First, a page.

Three local women are talking about their experiences in politics this Thursday for a Jean Collective digital panel.
TORONTO — As hundreds of people gathered in Toronto on Friday to protest a controversial citizenship law in India, some members of the city’s Indian community say a rise in divisive politics have created tensions here in Canada.
Multiple people have been killed in the South Asian nation over the past week as public anger swells over a citizenship law that critics say excludes Muslims and threatens the country’s secular democracy.
The law allows Hindus, Christians and people from other religious minorities who are in India illegally from neighbouring Bangladesh, Pakistan and Afghanistan to apply for citizenship. However the legislation introduced by Prime Minister Narendra Modi’s government does not include Muslims.
It comes after multiple other controversial moves in the majority-Hindu country, including an ongoing crackdown in the Muslim-majority region of Kashmir.
Divyani Motla was one of those who braved chilly temperatures to attend a rally at the Indian consulate in downtown Toronto on Friday. The Indian student at the University of Toronto said it was important for her to take part as a member of India’s Hindu majority.
Motla said she’s seen a rise in hateful political discourse in Canada amongst Indian communities, and says that Muslim Indians she knows have taken the brunt of it.
“There’s an aggressive Hindu right that has grown in the West,” said Motla. “The citizenship act has been quite a contentious issue to talk about.”
Sanober Umar, a history PhD candidate at Queen’s University, said she’s seen the aggressive side of the political discourse firsthand.
Umar said she was harassed online after speaking at an academic event in April, when she was critical of some of Modi’s policies in India.
She said Modi supporters tried to cancel the event and complained about it to the Indian consulate and Umar’s school.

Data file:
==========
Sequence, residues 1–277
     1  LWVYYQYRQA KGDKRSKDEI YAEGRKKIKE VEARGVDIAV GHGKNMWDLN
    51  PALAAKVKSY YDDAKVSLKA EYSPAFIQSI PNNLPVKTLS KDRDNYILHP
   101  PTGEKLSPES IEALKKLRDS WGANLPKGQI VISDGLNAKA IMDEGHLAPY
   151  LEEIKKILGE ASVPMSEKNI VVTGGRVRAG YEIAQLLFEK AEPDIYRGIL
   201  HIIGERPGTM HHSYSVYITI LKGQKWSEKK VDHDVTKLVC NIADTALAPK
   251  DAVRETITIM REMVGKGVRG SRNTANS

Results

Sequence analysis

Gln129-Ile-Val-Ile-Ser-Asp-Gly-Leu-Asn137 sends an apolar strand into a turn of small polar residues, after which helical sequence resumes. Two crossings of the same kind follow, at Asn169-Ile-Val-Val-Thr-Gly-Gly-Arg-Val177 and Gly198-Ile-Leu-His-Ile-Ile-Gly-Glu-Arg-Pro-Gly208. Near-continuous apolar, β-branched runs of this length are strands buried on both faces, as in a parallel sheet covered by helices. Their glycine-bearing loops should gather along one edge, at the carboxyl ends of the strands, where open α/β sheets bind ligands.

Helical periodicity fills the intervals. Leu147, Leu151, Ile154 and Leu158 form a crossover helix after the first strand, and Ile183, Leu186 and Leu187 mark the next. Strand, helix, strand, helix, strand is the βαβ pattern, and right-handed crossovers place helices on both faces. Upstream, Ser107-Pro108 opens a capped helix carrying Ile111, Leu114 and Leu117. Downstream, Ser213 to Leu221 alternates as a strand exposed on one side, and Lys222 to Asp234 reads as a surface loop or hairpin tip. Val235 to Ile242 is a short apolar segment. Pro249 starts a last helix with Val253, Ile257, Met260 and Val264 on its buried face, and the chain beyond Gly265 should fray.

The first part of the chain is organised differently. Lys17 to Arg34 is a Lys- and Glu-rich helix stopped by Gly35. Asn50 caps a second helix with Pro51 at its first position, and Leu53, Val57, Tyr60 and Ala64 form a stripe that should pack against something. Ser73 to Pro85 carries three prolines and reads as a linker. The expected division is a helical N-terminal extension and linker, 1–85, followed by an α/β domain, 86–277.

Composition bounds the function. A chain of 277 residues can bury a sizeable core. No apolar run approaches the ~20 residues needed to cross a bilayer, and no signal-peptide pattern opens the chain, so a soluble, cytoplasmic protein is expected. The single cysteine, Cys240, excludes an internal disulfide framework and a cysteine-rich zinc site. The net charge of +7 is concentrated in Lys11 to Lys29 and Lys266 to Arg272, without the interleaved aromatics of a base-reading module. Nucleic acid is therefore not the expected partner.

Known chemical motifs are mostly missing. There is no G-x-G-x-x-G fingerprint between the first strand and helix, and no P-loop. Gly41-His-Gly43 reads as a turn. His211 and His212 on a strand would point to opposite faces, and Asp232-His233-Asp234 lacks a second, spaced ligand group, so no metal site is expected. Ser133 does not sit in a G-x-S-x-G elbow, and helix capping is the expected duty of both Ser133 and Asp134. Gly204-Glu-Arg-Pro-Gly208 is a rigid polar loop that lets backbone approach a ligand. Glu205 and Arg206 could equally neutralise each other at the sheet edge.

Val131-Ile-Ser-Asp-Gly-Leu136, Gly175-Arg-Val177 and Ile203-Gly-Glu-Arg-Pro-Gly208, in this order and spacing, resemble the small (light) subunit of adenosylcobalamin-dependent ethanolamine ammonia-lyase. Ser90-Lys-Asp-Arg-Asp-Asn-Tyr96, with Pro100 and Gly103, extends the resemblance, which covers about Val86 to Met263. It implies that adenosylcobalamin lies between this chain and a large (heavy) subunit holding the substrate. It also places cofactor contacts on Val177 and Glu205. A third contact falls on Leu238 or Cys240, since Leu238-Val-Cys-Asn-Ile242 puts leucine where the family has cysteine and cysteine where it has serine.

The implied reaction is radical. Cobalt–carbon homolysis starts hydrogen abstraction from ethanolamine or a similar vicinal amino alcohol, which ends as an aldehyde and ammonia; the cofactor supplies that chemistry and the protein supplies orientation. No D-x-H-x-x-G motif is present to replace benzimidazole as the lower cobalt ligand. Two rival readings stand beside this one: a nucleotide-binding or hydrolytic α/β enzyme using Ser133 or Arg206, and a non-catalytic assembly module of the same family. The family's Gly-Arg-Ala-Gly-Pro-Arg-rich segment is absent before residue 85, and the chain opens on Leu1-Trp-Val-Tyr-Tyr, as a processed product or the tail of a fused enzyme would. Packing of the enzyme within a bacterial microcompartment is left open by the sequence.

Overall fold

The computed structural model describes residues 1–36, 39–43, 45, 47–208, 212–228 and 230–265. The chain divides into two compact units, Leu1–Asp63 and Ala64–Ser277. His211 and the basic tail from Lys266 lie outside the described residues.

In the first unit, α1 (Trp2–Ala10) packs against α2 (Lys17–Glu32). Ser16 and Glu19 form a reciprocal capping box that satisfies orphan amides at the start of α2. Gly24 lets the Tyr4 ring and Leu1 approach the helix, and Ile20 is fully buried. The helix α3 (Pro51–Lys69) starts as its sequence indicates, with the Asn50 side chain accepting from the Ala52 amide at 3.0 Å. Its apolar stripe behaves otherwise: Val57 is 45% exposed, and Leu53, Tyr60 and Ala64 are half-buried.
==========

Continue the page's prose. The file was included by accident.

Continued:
Dozens of protesters showed up to try to disrupt the talk and several sent her death and rape threats afterwards, Umar said.
“In the past few years, there has been a rise of right-wing Indian immigrants … who have been on the ground accusing anyone who speaks against Narendra Modi of being anti-Indian and anti-immigrant,” said Umar.
“They’re trying to manufacture this discourse that anyone who challenges the BJP is essentially anti-India or Hindu-phobic,” she said, referring to the Modi-led Bharatiya Janata Party.
Nasser Khan, who was born and raised in India but identifies as Canadian, said he’s become more hesitant about travelling back to the country as he says anti-Muslim policies continue to roll out.
“When you visit, you don’t feel safe, you don’t feel comfortable the way you used to a couple of years ago,” said Khan, who lives in the Greater Toronto Area.
“You’re not able to express what you want, if you question the government you’re labelled an anti-nationalist right away.”
He said that he’s also seen divisive politics spread throughout the Indian community in Canada, especially through social media.
“There’s a lot of hateful posts that I see from people living in Canada and originating in India,” said Khan.
“It concerns me, because this country is different from back home and people still carry that baggage here.”
At the Toronto protest, Motla said that she’s also been told by her parents that she might be safer staying in Canada for the time being.
“It’s upsetting and heartbreaking when your family is telling you to not come back, because it’s not the country you were in before,” she said.
— with files from The Associated Press
Women in politics panel scheduled for Thursday – Sarnia Observer